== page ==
Bad smells coming from the drain. What causes sewer gases to come out of the sink?

Bad smells coming from the drain. What causes sewer gases to come out of the sink?

So your in-laws are visiting for the weekend, and when they arrive, you generously tell them that the guest bathroom downstairs is all theirs. The weekend goes smoothly, and you’re pretty sure they were impressed by your home . . . only to realize on Monday that the smell of rotten eggs is radiating from the fixtures in the guest bathroom.

It then becomes clear why they both opted out of taking a shower Sunday morning . . .

Sewer gas leakage is a common problem in many homes, and if you’re not aware of the causes of sewer gas, your in-laws may never visit again.

Sewer gas is a complex mixture of both toxic and non-toxic gases. It contains methane, carbon dioxide, sulfur dioxide, and nitrous oxides, as well as sometimes chlorine bleaches, industrial solvents, and gasoline from sewage treatment systems.

Below we discuss the causes of sewer gas, what to do when it’s leaking into your home, and how you can prevent it.

Causes Of Sewer Gas Leakage

Two features have been designed into your plumbing system to prevent the leakage of sewer gas—the p-trap and the vent.

The p-trap holds water in the shape of a “U”. This “U” creates a seal and keeps out the foul-smelling gases. If a drain isn’t used very often, like when homeowners use their guest bathroom’s tub as a bin for laundry instead of bathing, the water can evaporate and let the gas escape. We don’t often think about the fixtures we’re not using, which is why this is the most common cause of sewer gas leakage.

Aiding the p-trap in blocking this gas is a vent that covers the end of the pipe. This vent allows air in to equalize pressure, which forces the sewer gas to go up the stack and outside instead of up the drain. If the vent doesn’t equalize the pressure (because it is blocked or broken), odors will permeate through.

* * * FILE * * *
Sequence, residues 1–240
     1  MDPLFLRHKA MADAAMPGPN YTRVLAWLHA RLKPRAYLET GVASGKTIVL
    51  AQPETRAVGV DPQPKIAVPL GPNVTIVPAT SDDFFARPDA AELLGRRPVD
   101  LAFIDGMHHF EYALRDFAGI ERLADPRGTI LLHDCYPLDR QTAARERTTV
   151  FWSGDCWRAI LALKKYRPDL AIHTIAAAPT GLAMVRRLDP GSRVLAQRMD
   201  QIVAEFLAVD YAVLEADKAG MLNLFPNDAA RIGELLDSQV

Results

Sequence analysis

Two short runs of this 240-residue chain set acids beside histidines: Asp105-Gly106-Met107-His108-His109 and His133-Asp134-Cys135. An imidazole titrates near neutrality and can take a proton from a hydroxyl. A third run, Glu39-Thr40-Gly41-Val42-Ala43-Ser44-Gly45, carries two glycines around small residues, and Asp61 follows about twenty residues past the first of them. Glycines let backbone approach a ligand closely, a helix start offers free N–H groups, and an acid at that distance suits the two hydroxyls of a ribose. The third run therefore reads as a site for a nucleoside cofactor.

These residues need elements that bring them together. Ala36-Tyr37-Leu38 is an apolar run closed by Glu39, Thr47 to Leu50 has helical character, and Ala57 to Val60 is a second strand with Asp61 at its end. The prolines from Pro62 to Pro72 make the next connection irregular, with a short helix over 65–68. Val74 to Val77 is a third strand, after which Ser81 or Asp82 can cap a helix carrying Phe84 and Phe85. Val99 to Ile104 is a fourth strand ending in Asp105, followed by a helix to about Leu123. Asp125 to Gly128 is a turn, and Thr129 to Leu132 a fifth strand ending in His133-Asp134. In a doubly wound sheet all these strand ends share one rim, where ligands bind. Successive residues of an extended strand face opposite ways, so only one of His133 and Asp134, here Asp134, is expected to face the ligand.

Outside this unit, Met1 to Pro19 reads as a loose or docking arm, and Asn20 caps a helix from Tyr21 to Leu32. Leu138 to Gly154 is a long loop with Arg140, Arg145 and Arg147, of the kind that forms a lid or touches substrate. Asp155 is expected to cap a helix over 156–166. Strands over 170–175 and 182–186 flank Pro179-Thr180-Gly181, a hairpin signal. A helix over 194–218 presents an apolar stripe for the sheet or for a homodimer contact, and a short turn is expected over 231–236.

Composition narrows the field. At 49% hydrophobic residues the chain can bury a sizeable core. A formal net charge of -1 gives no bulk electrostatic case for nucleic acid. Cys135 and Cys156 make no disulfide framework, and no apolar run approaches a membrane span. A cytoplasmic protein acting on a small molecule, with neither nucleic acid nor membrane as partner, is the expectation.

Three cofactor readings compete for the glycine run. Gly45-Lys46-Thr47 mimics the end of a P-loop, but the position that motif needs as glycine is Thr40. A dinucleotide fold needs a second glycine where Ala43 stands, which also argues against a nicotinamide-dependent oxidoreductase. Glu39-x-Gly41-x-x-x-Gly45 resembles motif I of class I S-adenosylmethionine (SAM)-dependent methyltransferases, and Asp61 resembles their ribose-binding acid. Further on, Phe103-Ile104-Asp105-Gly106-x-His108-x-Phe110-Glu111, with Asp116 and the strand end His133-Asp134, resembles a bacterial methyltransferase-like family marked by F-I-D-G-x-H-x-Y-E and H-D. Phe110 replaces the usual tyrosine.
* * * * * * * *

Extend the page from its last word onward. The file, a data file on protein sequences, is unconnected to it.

Simple clogs can also cause your drains to reek with sewer gas. The blockage can create a perfect environment for odor-causing bacteria to grow, and substances like hair will pick up those odors if it sits in there for any extended amount of time.

Remedies And Prevention

If the issue is a clog, than your first task is to remove whatever is in the pipe. Get a clothes hanger and fish out the blockage. In extreme cases, you might even need to get your pipes cleaned professionally.

After de-clogging, pouring vinegar down the drain neutralizes the smell in the pipes. If the sewer smell is still present in the room, put a few pieces of charcoal into a bowl and leave it in the area. The charcoal will absorb those nasty odors.

Odor neutralizing sprays also work well in this situation. Just make sure they’re odor neutralizing. Traditional sprays only cover up the smell; they don’t get rid of it.

To prevent sewer gases from leaking in the first place, it’s as simple as flushing your sink pipes regularly to keep the p-trap from drying out. If you’re going on an extended vacation, ask your neighbors to stop by and do it once or twice while you’re gone.

You also have to be conscious of the opening of your vent stake. Leaves and other debris can easily block the stack and create a problem.

If you suspect that for some reason your stack is leaking in a different area, you’ll have to call a professional to assess the situation and make the repair. That’s not one you can do on your own.

A Word Of Caution

Small amounts of sewer gases are just nuisances, and they aren’t terribly difficult to deal with, but larger amounts of gas can be dangerous. If high concentrations of sewer gas accumulate in an enclosed space, evacuate the area and contact your local fire department for assistance.

Final Thoughts

No one likes having to repair pipes or fish out blockages from the drain. The best way to deal with sewer gas, like many other plumbing issues, is to take steps to prevent it from leaking into your home in the first place.

Local plumbers are always available to answer questions and troubleshoot problems.

Have you ever had to deal with sewer gas?

What did you do about it?

Image: Flickr